Easier said than not done

What can we do about the ecological crisis? Most person I come across that has some understanding of the situation we are in ponder this question at some point. For sure I have myself asked that question many times. It seems obvious for most that as we face an existential threat, the answer lies in action. We need to do something about it. Yet I can't help but seeing a contradiction in this. What if we were asking the wrong question?

Most of us want to make it. Most of us would like to change the world. And many, concerned about the ecological crisis, are no exception. While there are wonderful exceptions, there are often egotistic reasons why we want to do so in a culture that praises doers, loves achivement and seeks impact.

In physics, we have a way to measure the ability of something to change the world: Energy. The energy of a body is precisely its ability to change its surroundings. There is no doing, no making, no impacting, that does not require energy. Yet, as we use energy for doing, we produce undesired outcomes together with the desired ones. The undesired outcomes include the destruction of natural habitats (for resources such as fuel and materials) and pollution (from burning wood or fossil fuel, and throwing away materials). The desired outcome is what we are trying to achieve.

As there is no escaping the undesired outcomes, we need to be thoughtful in the way we choose what we do, meaning in the way we apply our desires. The Stoics taught us to attach our desires to what is under our control and virtuous, and our aversion to what is under our control and morally wrong in such a way that we never have to suffer from desiring something that we can't have or doing something that is harmful for us or others. Maybe it is time to use a similar approach with the ecological crisis: to attach our desires to what eases the ecological crisis and has little undesired outcomes and to attach our aversion to what is harmful to nature and has significant undesired outcomes.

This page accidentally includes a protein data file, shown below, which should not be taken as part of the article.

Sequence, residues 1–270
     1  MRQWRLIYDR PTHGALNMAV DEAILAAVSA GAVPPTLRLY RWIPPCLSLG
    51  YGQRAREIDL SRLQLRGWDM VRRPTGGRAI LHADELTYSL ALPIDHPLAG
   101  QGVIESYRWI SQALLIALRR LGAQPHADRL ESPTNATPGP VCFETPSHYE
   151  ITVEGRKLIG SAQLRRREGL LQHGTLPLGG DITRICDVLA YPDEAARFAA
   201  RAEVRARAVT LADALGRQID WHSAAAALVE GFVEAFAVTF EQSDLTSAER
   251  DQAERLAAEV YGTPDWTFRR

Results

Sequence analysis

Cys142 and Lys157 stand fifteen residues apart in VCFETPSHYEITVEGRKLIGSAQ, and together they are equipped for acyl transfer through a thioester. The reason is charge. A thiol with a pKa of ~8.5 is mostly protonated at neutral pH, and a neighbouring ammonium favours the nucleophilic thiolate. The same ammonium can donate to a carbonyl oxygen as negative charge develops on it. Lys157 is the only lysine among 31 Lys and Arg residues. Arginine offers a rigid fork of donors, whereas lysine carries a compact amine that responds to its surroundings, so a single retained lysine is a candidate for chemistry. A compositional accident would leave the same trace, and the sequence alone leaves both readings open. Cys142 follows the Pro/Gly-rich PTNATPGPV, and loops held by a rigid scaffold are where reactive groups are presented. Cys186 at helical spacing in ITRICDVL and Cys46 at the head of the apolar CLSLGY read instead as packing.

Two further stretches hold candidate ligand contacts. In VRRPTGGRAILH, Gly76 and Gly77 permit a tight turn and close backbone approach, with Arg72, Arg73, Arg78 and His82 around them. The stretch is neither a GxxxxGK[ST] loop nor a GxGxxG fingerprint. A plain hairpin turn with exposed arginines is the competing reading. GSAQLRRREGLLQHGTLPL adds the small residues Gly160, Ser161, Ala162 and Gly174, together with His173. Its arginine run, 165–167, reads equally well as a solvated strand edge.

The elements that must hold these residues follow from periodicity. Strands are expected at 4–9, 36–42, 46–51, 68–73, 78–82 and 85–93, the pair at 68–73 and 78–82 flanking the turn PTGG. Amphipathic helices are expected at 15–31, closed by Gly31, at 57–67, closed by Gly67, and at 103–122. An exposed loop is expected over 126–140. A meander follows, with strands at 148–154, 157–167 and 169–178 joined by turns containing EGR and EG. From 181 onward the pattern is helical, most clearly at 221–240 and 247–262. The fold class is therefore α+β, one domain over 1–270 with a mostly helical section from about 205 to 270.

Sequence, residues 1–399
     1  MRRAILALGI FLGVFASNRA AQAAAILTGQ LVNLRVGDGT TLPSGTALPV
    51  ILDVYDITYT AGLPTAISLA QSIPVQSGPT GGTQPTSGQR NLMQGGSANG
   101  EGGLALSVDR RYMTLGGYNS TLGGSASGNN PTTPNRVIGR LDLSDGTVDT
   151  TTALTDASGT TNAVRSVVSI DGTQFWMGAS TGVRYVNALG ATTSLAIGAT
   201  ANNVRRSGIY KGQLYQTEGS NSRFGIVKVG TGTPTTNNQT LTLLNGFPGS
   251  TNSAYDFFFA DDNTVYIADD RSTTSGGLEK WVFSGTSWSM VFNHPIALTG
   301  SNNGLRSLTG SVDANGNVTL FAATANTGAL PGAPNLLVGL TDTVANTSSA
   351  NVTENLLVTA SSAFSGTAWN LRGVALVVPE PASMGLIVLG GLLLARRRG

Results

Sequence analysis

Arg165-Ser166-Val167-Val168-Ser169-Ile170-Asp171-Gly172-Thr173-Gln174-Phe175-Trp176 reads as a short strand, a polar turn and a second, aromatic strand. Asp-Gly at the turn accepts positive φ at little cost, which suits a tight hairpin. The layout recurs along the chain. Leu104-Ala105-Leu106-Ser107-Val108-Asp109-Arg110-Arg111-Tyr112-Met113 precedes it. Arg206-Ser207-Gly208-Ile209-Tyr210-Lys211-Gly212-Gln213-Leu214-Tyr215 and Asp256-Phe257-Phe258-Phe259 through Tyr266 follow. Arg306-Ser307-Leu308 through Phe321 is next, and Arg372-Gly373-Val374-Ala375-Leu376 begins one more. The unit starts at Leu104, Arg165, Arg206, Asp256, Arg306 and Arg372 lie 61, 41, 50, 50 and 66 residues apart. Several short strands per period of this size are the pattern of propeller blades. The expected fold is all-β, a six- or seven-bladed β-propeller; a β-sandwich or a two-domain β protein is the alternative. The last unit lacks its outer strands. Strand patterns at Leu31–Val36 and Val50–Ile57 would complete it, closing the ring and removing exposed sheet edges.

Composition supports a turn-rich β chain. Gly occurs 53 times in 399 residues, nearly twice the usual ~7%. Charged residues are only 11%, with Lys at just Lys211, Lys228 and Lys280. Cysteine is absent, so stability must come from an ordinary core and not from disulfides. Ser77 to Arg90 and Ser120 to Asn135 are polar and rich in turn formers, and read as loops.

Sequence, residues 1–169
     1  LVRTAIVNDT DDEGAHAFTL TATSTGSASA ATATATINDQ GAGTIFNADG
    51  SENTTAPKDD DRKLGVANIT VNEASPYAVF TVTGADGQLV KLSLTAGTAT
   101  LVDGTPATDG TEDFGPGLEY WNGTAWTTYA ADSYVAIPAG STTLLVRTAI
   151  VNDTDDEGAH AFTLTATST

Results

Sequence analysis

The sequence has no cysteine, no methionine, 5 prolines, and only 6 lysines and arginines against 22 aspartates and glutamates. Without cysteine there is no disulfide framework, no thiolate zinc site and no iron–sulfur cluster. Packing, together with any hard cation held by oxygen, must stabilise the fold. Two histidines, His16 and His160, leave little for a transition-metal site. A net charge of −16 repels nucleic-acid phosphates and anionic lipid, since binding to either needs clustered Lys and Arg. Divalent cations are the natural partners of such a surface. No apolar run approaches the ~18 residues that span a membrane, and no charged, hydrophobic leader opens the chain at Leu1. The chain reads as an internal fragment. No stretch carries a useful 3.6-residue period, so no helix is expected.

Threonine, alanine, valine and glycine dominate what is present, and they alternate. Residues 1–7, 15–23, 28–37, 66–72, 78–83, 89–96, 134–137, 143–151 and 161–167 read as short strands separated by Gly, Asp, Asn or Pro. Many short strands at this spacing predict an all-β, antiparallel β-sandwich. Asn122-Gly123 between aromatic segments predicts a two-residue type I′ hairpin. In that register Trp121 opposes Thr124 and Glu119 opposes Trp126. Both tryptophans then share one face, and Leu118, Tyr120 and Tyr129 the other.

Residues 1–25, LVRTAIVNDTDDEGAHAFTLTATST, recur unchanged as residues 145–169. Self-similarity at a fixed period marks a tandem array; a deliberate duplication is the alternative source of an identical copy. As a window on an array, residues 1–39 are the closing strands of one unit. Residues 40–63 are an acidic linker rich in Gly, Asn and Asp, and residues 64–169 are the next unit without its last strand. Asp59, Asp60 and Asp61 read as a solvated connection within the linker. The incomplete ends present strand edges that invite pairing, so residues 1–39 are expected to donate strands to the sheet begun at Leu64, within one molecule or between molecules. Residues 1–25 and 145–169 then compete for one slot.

No wandering. In every impulse, give what is right: in every thought, stick to what is certain.

Marcus Aurelius - Meditations

As Aurélien Barrau eloquently explains in the video below (in French), the crisis we face is an axiological one, that is a crisis of values. As long as we, both as individuals and as societies, focus on doing, achieving, and impacting without rethinking our desires, there will be no solution to the ecological crisis. In a way, the heroes of our time could well be the many living with restraint, humbly, in virtues, and as a result unheard of in a society focused on personal achievement.

By the way...
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